Morris and Arbuckle analyzed data from the 2009 and 2014 Iowa Farm Polls to see if farmers’ relationships and attitudes about targeted conservation have changed over time. Their research found that even though the approval of targeting has slightly decreased in those five years, the majority of farmers still approve of targeted conservation.

The duo also examined in-depth interviews and focus groups to add to their survey analysis. Overall, they found that even though most farmers supported the idea, some farmers had concerns about being targeted, the use of the data and the need for cost share programs. Here are some snippets from the interviews that Morris shared on Twitter:

To end this #TwitterTakeover, Arbuckle and Morris shared the struggles that have come along with adapting to remote work. This is a quick glimpse into their working-from-home life:

You can follow Chris’s personal Twitter account, @JChrisMorris81, J’s personal Twitter account, @Jfullstop, their ongoing project’s account, @ISU_CCHANGE, and of course, the Iowa Water Center account @IowaWaterCenter to see the Twitter takeovers in live action.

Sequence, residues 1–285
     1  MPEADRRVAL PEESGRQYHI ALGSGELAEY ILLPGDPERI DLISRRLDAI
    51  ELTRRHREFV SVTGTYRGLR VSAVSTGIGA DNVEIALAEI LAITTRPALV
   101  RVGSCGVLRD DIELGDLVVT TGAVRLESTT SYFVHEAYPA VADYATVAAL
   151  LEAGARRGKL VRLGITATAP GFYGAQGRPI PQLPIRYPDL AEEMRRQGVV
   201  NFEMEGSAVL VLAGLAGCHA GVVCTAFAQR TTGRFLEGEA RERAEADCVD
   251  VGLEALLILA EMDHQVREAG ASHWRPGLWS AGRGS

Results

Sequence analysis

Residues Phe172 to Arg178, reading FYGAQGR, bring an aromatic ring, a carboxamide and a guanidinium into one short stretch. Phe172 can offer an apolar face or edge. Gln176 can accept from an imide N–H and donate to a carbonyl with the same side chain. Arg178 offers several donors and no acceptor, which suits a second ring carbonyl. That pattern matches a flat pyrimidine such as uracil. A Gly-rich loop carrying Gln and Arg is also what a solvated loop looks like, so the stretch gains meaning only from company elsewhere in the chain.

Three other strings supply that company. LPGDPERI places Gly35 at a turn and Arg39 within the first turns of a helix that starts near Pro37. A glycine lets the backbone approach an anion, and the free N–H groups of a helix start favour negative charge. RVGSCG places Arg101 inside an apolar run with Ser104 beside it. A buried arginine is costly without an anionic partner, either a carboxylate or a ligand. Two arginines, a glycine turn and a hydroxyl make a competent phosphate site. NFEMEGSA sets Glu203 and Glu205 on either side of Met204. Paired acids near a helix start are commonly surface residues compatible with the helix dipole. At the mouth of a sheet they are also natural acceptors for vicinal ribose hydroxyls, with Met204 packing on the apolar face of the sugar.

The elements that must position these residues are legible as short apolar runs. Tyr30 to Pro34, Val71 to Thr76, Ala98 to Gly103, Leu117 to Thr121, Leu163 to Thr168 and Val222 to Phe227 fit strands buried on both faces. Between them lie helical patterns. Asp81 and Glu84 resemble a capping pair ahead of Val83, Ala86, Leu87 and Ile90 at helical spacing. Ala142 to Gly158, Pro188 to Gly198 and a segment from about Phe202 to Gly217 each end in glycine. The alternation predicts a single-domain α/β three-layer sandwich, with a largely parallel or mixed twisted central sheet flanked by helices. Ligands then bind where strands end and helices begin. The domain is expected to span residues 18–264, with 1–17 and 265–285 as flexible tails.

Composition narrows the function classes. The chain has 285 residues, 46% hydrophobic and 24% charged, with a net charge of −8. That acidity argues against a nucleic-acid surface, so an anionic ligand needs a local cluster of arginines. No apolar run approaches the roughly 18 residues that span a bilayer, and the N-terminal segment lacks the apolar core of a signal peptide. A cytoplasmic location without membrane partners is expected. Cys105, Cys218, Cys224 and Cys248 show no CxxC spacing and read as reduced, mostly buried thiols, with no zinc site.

Grace Wilkinson’s Twitter Takeover

Grace Wilkinson, a limnologist, ecosystem ecologist and assistant professor at Iowa State University, took charge of our Twitter account on March 27th for our #TwitterTakeover series. She shared her experiences on her group research projects and statewide water quality monitoring programs.

Wilkinson starts her #TwitterTakeover by making sure everyone knows what limnology is (the study of inland waters, FYI). She explains further that limnology is the basis of understanding the physical, chemical and biological components of rivers, lakes, reservoirs, wetlands, etc. Wilkinson also has a research emphasis on links between lakes and the landscape.

Wilkinson and her lab group monitor over 130 lakes and reservoirs in Iowa. They measure the concentrations of nitrogen, phosphorus, algae, zooplankton, stratification and even more. This summer marks the 21st anniversary of the Iowa Ambient Lake Monitoring program.  This program consists of Iowa State University students preparing to be limnologists that collect data from each 130+ lakes through the months May-September. The data that is found is used for listing and reporting lakes as a part of the federal Clean Water Act, as well as for additional research. All of this data is open to the public, and you can access it here.